Jan 31, 2017

Remember, most Republicans still support Trump's ban

Matt Rourke / AP

While 19 or so GOP members of Congress, including John McCain, have condemned Trump's travel order for being too broad, most Republican lawmakers support it. The Washington Post has counted up 37 GOP members who partially support the ban, but have reservations and 84 who support it, including...

  • House Speaker Paul Ryan: He said today, "The President has a responsibility to the security of this country.... What is happening is something that we support, which is: We need to pause and we need to make sure that the vetting standards are up to snuff so we can guarantee the safety and security of our country. That is what this does." He added, "I think it's regrettable that there was some confusion on the rollout of this."
  • House Majority Whip Steve Scalise:

"The most important point is that President Trump ran on this. This is something he said he would do to protect America, to keep America safe from countries that can not be vetted when they're sending people to our nation."

  • Sen. Tom Cotton: "It's simply wrong to call the president's executive order concerning immigration and refugees 'a religious test' of any kind. I doubt many Arkansans or Americans more broadly object to taking a harder look at foreigners coming into our country from war-torn nations with known terror networks," he said, according to the Hill.
  • House Foreign Affairs Committee Chairman Edward Royce: "Pausing the intake of refugees from terror hot spots is the right call to keep America safe. I hope cases of individuals with visas traveling as this executive action went into effect — including some who served alongside U.S. troops — will be resolved quickly," he said according to WashPo.
  • Rep. Chris Collins:
  • Rep. Jeff Duncan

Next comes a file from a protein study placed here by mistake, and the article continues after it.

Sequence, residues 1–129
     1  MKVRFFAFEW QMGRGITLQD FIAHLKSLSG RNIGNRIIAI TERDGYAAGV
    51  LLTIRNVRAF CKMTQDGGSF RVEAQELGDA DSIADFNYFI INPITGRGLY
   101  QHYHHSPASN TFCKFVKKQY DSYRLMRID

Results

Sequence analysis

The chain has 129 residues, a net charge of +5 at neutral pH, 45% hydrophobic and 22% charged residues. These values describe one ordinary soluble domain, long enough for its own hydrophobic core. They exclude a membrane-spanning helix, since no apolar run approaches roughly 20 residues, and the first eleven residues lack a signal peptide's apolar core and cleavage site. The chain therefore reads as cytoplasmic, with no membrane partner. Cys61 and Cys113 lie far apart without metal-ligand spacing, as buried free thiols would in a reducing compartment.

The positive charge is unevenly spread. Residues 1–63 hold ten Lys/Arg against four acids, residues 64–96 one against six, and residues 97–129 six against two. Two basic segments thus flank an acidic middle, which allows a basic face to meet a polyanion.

• Rep. Pete Sessions:

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Minneapolis will ban police chokeholds following George Floyd's death

A memorial for George Floyd at the site of his death in Minneapolis. Photo: Steel Brooks/Anadolu Agency via Getty Images

Minneapolis has agreed to ban the use of police chokeholds and will require nearby officers to act to stop them in the wake of George Floyd's death, AP reports.

Why it matters: The agreement between the city and the Minnesota Department of Human Rights, which has launched an investigation into Floyd's death while in police custody, will be enforceable in court.

Better-than-expected jobs report boosts stock market

Data: Yahoo Finance; Chart: Axios

The S&P 500 jumped nearly 3% on Friday after a stronger-than-expected May jobs report showed that an economic recovery could be underway.

The state of play: Stocks have rallied since the worst of the coronavirus sell-off ended in late March and looked past a spate of ugly economic reports — not to mention civil unrest.

The Athletic lays off 8% of staff, implements company-wide pay cut

Adam Hansmann (left) and Alex Mather (right), co-founders of The Athletic. Photo: Steph Gray, courtesy of The Athletic

The Athletic is laying off nearly 8% of staff, 46 people, according to an internal memo obtained by Axios.

Why it matters: It's the latest media company that's been been forced to take drastic measures to survive the economic fallout from the coronavirus. Like many sports media outlets, The Athletic has been particularly impacted by the loss of live sports.